In the U.S., June is National Dairy Month, an event that celebrates the contribution the dairy industry makes to the world.[1] The occasion serves to remind us how well soy foods complement traditional dairy products. Foods like soy milk and tofu and are good ingredient choices for flexitarians who want to incorporate more plant protein in their diets. Today’s growth of the plant-based milk market is fueled by multiple demands, including health and sustainability considerations.[2]  In the Asia Pacific region, China is expected to lead the plant-based milk market for the near future. Health-conscious consumers who want appetizing choices with nutritional value are driving that market, which is projected to reach a US$19.8 billion valuation by 2031.[3]

Consumers of dairy alternative are looking for products that meet a variety of needs. Soy milk meets the needs for both personal and planetary health. Health research has for decades investigated soy’s isoflavones and nutrients and their role in preventing and treating chronic diseases.[4] In addition, soy foods may play a significant role as a source of protein that minimally contributes to greenhouse gas (GHG) emissions in comparison to other protein sources, based on protein efficiency per unit of energy and per unit of GHG emissions.[5]  News of soy and environmental impact is spreading: For example, the financial news and opinion website 24/7 Wall St. recently included soy milk on its list of  foods with a “strikingly low” environmental impact.[6]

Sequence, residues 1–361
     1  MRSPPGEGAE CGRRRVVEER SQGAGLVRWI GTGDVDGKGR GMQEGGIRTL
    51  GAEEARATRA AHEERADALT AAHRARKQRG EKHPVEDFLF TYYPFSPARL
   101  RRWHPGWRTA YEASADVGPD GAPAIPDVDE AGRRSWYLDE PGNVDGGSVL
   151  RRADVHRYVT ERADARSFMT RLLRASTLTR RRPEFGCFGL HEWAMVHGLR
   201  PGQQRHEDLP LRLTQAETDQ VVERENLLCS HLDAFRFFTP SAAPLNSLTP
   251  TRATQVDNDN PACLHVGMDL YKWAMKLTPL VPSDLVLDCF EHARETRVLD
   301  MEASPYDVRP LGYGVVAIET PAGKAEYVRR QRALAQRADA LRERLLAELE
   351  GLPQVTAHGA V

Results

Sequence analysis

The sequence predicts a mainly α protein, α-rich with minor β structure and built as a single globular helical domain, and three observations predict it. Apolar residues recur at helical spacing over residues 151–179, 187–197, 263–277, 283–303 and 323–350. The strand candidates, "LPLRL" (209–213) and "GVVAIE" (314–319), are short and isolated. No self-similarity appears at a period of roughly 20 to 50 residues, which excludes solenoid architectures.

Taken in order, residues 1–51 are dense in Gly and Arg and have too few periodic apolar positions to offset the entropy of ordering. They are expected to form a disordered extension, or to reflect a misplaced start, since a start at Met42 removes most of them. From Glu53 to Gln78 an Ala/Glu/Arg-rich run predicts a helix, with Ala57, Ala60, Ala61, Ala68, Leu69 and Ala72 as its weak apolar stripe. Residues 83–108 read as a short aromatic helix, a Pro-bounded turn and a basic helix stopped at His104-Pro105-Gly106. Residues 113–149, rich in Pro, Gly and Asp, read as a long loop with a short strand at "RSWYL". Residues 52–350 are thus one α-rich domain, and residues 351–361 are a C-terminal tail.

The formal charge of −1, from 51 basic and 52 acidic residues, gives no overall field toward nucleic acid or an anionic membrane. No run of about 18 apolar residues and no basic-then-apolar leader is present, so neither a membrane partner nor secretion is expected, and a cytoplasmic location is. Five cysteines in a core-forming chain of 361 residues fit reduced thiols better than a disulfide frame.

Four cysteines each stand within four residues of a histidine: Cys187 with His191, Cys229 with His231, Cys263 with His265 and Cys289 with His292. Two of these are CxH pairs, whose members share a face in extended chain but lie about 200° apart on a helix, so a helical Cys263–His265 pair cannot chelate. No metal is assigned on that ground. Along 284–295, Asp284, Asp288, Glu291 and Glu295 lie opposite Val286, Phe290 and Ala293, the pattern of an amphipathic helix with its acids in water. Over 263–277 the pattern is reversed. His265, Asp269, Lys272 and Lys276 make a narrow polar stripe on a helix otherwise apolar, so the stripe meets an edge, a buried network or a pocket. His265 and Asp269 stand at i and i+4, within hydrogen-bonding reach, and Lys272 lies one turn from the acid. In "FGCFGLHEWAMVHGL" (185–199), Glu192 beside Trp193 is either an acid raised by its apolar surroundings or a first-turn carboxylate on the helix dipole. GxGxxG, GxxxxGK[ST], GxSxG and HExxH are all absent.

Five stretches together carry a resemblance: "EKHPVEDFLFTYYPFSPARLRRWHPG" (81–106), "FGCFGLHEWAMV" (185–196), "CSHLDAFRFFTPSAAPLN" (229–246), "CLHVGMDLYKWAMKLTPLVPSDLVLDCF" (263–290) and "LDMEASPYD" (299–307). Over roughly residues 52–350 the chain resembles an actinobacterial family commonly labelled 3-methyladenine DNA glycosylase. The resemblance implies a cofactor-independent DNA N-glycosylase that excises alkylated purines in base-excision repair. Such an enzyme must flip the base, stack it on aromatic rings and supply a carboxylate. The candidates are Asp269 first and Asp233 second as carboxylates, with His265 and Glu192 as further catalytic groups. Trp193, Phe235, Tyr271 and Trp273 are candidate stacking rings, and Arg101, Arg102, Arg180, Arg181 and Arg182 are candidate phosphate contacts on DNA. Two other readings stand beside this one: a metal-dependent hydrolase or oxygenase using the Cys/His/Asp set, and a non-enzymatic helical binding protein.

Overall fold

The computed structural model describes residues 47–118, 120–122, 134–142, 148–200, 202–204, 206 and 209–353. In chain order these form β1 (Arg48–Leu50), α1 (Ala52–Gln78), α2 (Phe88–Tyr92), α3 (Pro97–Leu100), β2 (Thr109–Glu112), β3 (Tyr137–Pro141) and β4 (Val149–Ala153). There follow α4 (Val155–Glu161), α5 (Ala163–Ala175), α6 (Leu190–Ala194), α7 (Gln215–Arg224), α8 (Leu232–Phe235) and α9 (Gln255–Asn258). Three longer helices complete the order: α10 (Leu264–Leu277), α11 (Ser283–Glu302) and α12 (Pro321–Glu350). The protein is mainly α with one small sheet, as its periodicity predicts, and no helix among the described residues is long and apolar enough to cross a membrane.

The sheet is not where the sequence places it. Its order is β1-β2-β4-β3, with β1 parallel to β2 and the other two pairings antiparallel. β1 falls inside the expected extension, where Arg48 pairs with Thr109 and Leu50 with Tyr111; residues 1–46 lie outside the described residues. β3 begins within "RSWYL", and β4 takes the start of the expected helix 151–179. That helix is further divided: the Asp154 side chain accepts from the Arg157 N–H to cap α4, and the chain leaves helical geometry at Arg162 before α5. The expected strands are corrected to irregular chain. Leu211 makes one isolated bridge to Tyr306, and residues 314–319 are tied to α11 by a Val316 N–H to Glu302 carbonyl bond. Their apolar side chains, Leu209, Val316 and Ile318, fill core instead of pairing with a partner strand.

Among plant-based milks, soy milk has the added culinary advantage of working well in recipes alongside dairy milk to create a hybrid of animal and plant proteins.

Soy milk and dairy are partners on the plate. U.S.-grown soy supports both animal agriculture and the soy foods industry in a world of flexitarian eating patterns. In Europe, flexitarians drive the plant-based boom, looking to diversify their diets with more plant-based options. According to a recent ten-country survey, flexitarians’ most consumed plant-based product is plant-based milk, with 36% consuming it at least one to three times a week.[7]

Soy milk offers high-quality plant protein and when compared to other plant-based milks, it typically has more protein, offering approximately 7 grams per one-cup serving.[8]  Fortified soy beverages are the only nondairy milk included in the 2020-2025 Dietary Guidelines for Americans as part of the dairy group. According to the guidelines, soy milk is similar in nutrient composition, and is used in a similar way in meals.[9]

In the glass, on the plate and on grocery shelves, sustainability matters. A recent survey in the U.S. reports that compared to other generations, 73% of Gen Z consumers (those currently aged 18 to 24 years) have a greater concern about the environmental impact of their food. Gen Z shoppers are also more likely than Boomers to buy products labeled as plant-based or small carbon footprint/carbon neutral.[10] In the Canadian foodservice market, customers aged 18 to 34 are currently the dominant group for vegetarian items in restaurants.[11]

The sustainability story from U.S. soybean growers is one that should continue to resonate with the world’s consumers of plant-based dairy alternatives. The  U.S. Soy Sustainability Assurance Protocol (SSAP) verifies the sustainable production of U.S.-grown soy, and U.S. Soy products for export. Consumers seeking clean label products can choose traditional plain, unsweetened soy milk made with just two ingredients—soybeans and water—sold in Tetra Pak cartons.